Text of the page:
My question is:  Is this a homeschool (white-republican-evangelical) phenomena?  Or is this a larger Evangelical theme building upon the "socialist" labels being applied to the administration?

Friday, April 17, 2009

Mobile blogging from my blackberry?

Mobile Blogging from the NBEA

I've been blessed to attend the National Conference for the National Black Evangelical Association here in Chicago (Oak Lawn) yesterday and today.  

The conference is the beginning of rejuvenating a movement within the black church. I've been really blown away by the sessions I've attended so far and really blessed to be introduced to some new teachers/thinkers as well as reacquainted with some folks I've already been familiar with.  

Carl Ellis is an amazing thinker and teacher.  He's the author of Free at Last (highly recommended) which helps enormously to understand the story of the descendants of Africans within the US who have trusted Christ.  He taught yesterday through a cultural analysis of the black community and its subcultures as well as the role of the black church in this time period.  (the role of the black church in the Age of Obama). . .  he team taught it with theologian/teacher  Mr. Potter.  Very powerful.  Both of these guys are in the PCA which adds a layer of interest for me!

I was also really blessed by the workshop that Dr. Trulear presented yesterday on prison ministry.  He has worked with the Annie E. Casey foundation to develop a program that includes churches engaging before and after those that have been incarcerated return from prison.  It was a really enlightening thought process in which the church is encouraged to consider this type of ministry beyond what is normally just an evangelistic service.  They've developed a set of materials, available for free, that can empower literally ANY church to be involved in this highly important work.  Click here for information on working with children whose parents are incarcerated as well as a larger prisoner outreach ministry.  well researched, great, great info!

Wednesday, April 15, 2009

The Next Evangelicalism, a review

I have listened to Prof. Soong Chan Rah of North Park College and Seminary for about two years.  He has spoken most often on the topic of this new book, published by IVP.  The first time I got a recording from my young staff, it created a sensation of sorts.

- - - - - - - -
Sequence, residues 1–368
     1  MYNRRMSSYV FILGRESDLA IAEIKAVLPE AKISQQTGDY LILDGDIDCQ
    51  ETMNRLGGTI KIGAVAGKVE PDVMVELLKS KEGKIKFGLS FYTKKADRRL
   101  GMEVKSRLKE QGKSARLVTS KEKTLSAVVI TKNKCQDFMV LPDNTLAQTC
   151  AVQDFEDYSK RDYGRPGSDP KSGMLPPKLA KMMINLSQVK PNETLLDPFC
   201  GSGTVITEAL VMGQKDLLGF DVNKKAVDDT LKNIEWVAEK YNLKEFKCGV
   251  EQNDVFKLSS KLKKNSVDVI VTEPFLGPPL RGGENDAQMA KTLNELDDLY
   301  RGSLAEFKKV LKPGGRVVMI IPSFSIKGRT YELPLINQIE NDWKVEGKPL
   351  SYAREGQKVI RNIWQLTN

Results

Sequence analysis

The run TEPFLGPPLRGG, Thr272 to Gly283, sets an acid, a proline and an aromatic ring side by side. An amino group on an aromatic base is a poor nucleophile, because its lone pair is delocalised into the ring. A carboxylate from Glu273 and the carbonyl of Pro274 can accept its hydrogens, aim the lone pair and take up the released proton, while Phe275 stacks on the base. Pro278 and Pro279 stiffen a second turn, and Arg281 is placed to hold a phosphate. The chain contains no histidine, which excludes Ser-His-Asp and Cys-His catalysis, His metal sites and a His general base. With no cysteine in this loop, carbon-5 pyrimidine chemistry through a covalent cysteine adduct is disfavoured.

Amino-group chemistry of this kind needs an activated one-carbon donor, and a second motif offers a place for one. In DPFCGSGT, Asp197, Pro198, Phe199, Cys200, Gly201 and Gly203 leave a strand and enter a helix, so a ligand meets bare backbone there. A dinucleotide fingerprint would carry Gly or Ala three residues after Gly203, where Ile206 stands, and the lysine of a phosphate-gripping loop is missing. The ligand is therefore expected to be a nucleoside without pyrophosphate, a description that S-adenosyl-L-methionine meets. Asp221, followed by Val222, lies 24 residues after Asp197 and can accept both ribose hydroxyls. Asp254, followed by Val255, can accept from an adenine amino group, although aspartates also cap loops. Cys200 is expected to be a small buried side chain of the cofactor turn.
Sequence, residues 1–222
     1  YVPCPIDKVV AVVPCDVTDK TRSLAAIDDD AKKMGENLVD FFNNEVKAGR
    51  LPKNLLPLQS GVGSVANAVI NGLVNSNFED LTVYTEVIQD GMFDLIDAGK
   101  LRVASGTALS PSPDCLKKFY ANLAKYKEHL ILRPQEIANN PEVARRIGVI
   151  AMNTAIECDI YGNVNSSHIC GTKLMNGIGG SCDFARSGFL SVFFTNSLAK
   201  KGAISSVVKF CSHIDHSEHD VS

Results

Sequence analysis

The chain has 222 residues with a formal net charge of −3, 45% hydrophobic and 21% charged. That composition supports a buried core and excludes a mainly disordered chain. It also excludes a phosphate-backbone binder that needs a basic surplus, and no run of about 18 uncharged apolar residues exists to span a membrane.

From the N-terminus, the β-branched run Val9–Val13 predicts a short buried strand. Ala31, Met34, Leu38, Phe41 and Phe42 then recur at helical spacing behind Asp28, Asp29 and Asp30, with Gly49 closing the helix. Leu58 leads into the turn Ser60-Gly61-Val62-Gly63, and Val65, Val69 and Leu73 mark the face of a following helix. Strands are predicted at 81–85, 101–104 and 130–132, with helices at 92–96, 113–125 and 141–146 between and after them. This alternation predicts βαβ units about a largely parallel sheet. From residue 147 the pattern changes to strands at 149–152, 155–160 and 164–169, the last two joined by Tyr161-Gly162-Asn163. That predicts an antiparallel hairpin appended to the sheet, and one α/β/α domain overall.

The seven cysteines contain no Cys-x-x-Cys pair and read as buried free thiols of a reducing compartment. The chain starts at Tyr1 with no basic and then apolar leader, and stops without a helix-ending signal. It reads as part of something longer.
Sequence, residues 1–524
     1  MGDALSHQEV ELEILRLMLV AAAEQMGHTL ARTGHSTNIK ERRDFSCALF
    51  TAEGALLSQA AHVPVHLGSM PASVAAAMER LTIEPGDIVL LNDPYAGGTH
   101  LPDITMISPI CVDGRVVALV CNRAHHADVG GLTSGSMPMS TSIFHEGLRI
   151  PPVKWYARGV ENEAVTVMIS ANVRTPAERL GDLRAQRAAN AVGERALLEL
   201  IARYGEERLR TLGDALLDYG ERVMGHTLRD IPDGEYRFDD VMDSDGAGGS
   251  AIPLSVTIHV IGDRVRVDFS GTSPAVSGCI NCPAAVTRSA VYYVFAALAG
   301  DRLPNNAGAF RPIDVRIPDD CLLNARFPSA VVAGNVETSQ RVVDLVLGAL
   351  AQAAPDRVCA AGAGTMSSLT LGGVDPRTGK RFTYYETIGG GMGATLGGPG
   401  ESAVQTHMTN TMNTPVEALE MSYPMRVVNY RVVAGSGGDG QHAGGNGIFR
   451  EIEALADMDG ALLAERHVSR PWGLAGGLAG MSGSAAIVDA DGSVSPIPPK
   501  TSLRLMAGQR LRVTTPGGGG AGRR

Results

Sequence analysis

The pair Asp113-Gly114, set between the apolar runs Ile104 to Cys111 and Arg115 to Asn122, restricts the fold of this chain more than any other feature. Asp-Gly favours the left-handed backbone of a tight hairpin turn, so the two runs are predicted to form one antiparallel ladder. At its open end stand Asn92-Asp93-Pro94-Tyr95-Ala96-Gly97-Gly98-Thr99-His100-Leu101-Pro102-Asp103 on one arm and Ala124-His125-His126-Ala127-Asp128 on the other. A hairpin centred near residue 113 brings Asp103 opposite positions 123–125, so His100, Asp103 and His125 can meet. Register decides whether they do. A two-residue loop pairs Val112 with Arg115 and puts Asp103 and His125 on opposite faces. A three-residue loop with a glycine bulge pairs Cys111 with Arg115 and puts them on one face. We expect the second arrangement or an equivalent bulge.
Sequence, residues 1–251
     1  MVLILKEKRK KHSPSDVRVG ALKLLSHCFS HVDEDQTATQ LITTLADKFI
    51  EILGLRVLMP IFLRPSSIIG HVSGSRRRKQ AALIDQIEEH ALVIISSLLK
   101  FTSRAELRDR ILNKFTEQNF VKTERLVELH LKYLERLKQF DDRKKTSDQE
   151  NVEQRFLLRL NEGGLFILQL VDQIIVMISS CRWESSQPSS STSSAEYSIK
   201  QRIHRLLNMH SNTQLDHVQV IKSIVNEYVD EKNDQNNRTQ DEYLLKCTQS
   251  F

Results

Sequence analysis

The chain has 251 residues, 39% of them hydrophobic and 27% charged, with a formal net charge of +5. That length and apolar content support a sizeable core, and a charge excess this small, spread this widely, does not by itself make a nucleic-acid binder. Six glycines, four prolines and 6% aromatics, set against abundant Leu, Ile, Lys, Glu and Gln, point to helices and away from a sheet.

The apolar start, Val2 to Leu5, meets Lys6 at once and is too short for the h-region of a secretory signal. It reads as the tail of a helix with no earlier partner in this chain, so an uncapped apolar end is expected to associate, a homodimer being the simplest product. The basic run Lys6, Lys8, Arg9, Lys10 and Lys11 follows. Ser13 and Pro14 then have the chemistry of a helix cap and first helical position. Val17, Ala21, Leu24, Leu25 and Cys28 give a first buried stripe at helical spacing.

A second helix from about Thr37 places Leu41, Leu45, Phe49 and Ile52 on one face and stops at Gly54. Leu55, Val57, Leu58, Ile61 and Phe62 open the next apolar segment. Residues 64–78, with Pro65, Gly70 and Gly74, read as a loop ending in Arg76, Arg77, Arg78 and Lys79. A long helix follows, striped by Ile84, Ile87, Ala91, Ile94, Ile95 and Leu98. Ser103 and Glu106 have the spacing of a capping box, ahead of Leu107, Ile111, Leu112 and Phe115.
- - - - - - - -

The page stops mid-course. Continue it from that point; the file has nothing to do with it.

He had asserted that "If you plan to be a missionary and you enter another culture to carry the gospel but you have not ever had a non-white mentor or spiritual leader you will not be a missionary but rather a colonialist"  (my approximation).  Strong stuff!

This new book builds on themes that are in my estimation undeniable.  First, that the growth within Evangelicalism in the present and future is largely within minority, poor and immigrant communities.  Citing statistics based in the Boston area, I think this assessment has proven to be quite accurate.  

If the overall argument of the book is that (a) the US evang. church is changing demographically and (b) that the leadership and primary influence of the church is held tightly in the grasp of white evangelicals, then I think it is hard to dispute.  Next, Rah critiques the central weaknesses of the cultural realities of a white/western dominated evangelicalism; namely materialism, individualism and racism. Finally, the author asserts that those who make up the future of this church have exceptionally important perspective and value to add but are too often marginalized.  

The central value to this book is in its description of the coming reality of the future of Evangelicalism and the cogent articulation of the unique weaknesses of the church especially as explored through the immigrant/non-white perspective.  These twin ideas that the future of the church is non-white, and from a non-white perspective the evident weaknesses in our church are strategically and relationally insightful.